Andy Warhol, The Philosophy of Andy Warhol (From A to B and Back Again), 1975

Vocabulary

Discussion Questions

  1. What effect does Warhol’s silver paint have on the coke bottle? What does it imply to drink from a silver bottle versus one made of glass? What associations do you make with the color silver?
  2. If Warhol had painted these bottles white, would they have a different impact on the viewer?
  3. By painting these bottles silver, Warhol transformed them into a work of art. How does something change from an object to an artwork? Who is involved in this artistic process?
  4. What is the difference between an everyday object that has been transformed through artistic process and a found object or “ready-made”? Does one have more artistic value? Why or why not?

Materials

Procedure

This project works best as an overnight assignment so that students can be responsible for finding materials to match their ideas.

  1. Use the discussion questions to introduce Warhol’s silver Coke bottles, You’re In.
  2. Give students the Transformation: Glenn Kaino handout and ask them to compare and contrast Warhol’s You’re In with Kaino’s work Graft (Ostrich).
  3. Have students select an everyday object from home, or have a selection on hand in the classroom. Suggestions include plastic figurines, tools, bottles, toys, and packaging. It is easiest to work with items that are larger than a two-inch cube, but smaller than a shoe box.
  4. Instruct students to wrap their object with a covering that creates a dialogue with the object, in a manner that allows the original object’s form to remain evident.
  5. When completed, set out all wrapped objects in front of the students.
  6. Give students the 4Cs handout. Explain and discuss the definitions of context, concept, creativity, and craftsmanship. (You may want to state that context and concept are closely related, but note that context serves as the guideline for this assignment.)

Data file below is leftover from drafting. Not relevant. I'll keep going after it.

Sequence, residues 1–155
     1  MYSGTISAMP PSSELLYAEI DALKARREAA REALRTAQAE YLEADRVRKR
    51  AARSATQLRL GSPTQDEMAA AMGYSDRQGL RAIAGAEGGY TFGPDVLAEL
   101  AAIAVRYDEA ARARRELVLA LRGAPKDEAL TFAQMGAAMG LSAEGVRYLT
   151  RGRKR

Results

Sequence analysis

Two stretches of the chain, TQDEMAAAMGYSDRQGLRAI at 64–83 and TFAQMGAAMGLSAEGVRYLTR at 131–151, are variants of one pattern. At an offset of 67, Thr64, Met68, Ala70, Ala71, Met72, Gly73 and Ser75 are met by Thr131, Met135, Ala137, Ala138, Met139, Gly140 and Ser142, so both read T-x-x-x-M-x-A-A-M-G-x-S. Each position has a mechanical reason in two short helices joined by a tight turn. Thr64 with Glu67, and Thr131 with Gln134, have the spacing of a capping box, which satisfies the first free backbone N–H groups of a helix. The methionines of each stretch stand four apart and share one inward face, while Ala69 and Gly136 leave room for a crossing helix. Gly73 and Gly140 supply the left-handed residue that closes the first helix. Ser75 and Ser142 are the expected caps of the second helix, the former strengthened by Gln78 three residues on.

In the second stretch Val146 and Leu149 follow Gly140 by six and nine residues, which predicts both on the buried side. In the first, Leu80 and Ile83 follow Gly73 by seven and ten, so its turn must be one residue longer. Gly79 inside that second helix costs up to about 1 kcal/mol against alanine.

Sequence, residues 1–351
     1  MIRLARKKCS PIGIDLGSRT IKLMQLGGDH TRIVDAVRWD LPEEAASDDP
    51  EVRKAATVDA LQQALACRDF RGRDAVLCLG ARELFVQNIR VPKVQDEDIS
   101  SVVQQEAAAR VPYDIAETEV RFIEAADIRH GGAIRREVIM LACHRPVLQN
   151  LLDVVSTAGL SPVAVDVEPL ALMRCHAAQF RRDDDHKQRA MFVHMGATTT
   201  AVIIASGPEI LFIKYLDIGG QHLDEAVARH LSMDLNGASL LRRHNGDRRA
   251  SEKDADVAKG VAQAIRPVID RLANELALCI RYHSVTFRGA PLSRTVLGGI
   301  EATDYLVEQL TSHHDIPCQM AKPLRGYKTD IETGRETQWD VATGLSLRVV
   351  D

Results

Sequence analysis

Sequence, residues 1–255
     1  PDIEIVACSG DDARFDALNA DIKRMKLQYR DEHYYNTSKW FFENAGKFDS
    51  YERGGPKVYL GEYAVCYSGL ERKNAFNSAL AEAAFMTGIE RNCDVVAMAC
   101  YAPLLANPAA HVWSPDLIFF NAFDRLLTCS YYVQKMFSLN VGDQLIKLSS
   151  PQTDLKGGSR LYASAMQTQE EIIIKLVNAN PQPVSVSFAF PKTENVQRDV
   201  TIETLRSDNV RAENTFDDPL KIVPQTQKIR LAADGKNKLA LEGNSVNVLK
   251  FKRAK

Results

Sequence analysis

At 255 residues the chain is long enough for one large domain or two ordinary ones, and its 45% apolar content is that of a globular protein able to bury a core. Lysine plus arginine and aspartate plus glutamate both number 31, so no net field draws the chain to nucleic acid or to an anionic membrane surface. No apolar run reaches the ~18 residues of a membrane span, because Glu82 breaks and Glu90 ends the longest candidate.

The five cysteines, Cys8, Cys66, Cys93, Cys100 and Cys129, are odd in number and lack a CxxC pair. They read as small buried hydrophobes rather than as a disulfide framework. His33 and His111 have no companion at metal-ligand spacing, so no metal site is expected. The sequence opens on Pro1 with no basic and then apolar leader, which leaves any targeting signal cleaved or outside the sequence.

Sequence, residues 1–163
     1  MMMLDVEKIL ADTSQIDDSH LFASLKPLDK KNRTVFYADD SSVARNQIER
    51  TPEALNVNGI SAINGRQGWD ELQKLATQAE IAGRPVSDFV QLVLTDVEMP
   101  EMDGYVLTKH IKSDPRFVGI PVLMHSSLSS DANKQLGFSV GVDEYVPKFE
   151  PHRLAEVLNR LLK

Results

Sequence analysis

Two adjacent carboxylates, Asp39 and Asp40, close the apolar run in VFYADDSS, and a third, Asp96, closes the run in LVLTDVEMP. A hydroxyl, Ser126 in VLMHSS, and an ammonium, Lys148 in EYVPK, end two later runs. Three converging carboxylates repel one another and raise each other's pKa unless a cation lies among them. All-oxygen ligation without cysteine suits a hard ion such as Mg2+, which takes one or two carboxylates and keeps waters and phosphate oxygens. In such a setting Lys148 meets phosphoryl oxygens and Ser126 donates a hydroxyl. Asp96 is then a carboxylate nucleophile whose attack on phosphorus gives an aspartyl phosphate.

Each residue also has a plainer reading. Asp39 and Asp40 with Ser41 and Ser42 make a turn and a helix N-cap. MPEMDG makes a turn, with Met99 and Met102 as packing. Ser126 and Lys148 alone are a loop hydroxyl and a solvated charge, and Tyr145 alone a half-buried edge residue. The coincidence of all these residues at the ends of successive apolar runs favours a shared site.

7. Have students individually choose three objects to evaluate using the 4Cs.
  8. Discuss the selections and evaluations.

 

Wrap-up

Aesthetics questions for discussion:

  1. What types of objects were the most compelling? Why?
  2. Did the objects with the strongest concepts seem the most interesting?
  3. Did you find objects that seemed weak in concept became more interesting after hearing the artist’s ideas? Or did the artist’s concept for any of your chosen objects weaken your view of them?
  4. What role did creativity play in your selections?
  5. Did all of the objects require great craftsmanship to convey their message?
  6. What would an object with no craftsmanship need to be considered a worthy art object?
  7. What role do your own personal tastes play in what you find strong or weak?

Extension

Critically respond to Warhol’s You’re In and Kaino’s Graft (Ostrich) using the 4Cs evaluation system.

Assessment

The following assessments can be used for this lesson using the downloadable assessment rubric.

  • Aesthetics 3
  • Communication 4
  • Creative process 4
  • Creative process 5
  • Critical thinking 2
  • Historical context 1